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A Geological Detective

Alexei Parinov at the Niagara Escarpment

Hi. I'm Alexei Parinov. Long before I became an environmental geoscience student at UTSC, I started going on weekend hiking trips. The Niagara Escarpment, the serene getaway just a short drive fromToronto, seemed a logical destination. At first, I was attracted solely by the aesthetic appeal of the place; its numerous waterfalls, towering cliffs and picturesque vistas. But eventually, I began to think about the processes that had shaped the landscape I was enjoying so much.

As I realized that the escarpment originated near the equator hundreds of millions of years ago and during its evolution traveled thousands kilometres north by plate tectonics, only to be frozen, scoured and incised by the cycles of glaciation, the enormous spatial and temporal scale of the planet's geological processes astonished me. I could no longer see the rocks as some unassuming substance. To me, they became portals into the deep past. My weekly trips started to be akin to detective work, aimed at discovering the evidence of ancient history, hidden in plain view. One just needs to examine the surroundings a bit closer to see the things like ripple marks left by the waves in the tropical seas that dried out long ago, or fossils of the marine creatures that flourished at the time when no animals lived on land.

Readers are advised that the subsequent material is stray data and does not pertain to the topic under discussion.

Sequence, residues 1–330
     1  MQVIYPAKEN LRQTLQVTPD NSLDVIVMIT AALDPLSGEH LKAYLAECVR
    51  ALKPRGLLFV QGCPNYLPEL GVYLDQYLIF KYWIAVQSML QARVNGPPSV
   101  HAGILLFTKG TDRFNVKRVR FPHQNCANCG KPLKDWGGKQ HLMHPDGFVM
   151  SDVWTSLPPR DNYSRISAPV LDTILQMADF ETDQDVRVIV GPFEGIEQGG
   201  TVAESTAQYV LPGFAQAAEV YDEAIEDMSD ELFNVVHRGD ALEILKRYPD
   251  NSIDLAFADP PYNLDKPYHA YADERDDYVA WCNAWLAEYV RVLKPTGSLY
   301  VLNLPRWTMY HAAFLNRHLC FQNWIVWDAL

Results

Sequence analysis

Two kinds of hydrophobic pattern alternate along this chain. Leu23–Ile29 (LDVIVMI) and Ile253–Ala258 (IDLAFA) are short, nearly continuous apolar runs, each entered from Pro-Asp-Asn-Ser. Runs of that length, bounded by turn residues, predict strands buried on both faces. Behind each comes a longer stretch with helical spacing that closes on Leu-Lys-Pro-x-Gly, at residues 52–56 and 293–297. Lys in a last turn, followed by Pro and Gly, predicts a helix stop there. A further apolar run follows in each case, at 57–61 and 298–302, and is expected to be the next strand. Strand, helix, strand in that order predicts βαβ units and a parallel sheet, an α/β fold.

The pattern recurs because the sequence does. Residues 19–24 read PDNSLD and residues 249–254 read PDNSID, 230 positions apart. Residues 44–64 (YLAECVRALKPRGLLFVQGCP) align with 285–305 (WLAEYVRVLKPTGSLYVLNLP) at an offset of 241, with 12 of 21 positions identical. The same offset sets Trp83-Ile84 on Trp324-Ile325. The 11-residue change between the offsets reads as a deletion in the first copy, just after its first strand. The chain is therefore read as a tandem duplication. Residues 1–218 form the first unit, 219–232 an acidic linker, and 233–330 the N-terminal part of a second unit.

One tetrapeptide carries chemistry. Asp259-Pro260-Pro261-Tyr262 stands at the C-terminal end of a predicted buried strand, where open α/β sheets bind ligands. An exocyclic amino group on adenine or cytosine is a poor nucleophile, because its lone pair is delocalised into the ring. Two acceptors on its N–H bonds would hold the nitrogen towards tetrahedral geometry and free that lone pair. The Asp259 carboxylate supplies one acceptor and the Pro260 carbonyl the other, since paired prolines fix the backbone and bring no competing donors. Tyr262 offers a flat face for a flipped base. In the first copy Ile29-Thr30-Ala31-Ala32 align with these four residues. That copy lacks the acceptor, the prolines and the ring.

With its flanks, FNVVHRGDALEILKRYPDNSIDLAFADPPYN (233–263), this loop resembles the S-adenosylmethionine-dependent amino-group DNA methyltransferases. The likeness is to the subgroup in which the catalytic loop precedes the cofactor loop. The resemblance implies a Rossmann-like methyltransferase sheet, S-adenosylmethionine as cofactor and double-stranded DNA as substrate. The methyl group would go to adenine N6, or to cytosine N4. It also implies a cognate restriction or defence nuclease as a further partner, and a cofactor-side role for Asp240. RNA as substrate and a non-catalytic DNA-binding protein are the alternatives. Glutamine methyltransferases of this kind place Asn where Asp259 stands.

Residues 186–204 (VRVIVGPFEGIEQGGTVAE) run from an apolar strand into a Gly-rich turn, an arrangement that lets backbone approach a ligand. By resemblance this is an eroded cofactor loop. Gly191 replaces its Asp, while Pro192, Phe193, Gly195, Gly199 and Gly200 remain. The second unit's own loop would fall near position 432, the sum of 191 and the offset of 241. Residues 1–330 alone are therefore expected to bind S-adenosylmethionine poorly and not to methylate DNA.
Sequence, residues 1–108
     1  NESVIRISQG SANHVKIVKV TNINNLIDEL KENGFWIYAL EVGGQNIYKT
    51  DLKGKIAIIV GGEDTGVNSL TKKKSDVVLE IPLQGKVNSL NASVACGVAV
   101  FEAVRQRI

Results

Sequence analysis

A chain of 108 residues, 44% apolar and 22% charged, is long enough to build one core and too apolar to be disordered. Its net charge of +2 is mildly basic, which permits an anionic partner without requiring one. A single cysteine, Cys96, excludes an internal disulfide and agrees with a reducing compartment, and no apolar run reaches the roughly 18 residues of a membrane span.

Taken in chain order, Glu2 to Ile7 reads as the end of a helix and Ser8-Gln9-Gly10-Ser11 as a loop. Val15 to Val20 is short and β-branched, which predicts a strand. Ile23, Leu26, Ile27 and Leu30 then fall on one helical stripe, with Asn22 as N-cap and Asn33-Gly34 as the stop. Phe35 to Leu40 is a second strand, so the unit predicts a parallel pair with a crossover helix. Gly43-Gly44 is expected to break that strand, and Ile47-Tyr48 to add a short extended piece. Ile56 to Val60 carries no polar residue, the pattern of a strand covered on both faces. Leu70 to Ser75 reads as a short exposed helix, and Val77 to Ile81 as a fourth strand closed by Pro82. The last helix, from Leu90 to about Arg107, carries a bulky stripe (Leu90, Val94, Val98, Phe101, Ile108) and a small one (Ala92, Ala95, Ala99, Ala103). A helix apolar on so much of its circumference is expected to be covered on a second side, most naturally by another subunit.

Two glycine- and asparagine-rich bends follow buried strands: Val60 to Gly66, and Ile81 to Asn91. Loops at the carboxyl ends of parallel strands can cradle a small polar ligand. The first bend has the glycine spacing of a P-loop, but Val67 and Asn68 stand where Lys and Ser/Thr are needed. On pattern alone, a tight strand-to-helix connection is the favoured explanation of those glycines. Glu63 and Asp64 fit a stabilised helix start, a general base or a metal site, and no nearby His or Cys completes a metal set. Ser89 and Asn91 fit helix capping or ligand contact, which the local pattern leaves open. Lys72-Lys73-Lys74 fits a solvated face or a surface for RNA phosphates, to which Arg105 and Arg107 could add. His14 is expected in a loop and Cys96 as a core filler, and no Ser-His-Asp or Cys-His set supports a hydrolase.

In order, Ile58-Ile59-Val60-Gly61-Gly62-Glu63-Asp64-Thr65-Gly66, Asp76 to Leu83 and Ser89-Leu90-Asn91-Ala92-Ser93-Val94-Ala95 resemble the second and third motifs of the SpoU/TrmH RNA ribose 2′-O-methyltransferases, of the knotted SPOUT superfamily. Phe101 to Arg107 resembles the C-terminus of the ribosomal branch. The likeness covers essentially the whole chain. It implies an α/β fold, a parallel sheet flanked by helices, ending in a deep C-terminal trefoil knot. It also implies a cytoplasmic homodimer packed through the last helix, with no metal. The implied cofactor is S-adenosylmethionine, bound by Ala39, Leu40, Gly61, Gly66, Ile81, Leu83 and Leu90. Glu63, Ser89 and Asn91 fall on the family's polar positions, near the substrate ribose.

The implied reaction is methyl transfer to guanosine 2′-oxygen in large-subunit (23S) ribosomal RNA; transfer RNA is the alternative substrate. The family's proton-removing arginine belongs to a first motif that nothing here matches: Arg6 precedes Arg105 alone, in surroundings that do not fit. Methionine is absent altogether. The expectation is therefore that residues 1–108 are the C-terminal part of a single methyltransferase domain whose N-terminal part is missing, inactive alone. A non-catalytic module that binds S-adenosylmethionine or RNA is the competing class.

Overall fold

As I expanded my trips farther north, into the domain of the Canadian Shield, my fascination with the geological marvels of Ontario only grew. Many locations provide insights into the grandiose landscapes of the past. A billion years ago, the glistening white quartzite rocks of the La Cloche Range at the Killarney Provincial Park were the roots of the colossal Grenville Mountains, rivalling the present day Himalayas in height. Staring into the depths of the Barron Canyon, one can easily imagine a raging glacial melt stream, carrying so much water at the end of the last Ice Age that it can be compared to a thousand Niagaras.

When I started at UTSC, I had no clear idea of what I want to pursue. I was initially apprehensive of exploring my interests in an academic manner, afraid of being mired in boredom. Thankfully, it was an unjustified fear; I was elated to find out that field trips are an integral part of many geology courses offered there. No matter how well the concepts are described in a classroom setting, it's hard to fully understand and appreciate them without seeing how they work in the real world. Of special value is the field camp course, held at different locations every year, where in 10-14 days, one can learn more than during a whole semester. Throughout my years at UTSC, I've develop an awareness of how intricately connected geology is to understanding and managing many critical environmental issues affecting the planet. This is the area in which I endeavour to further my studies.




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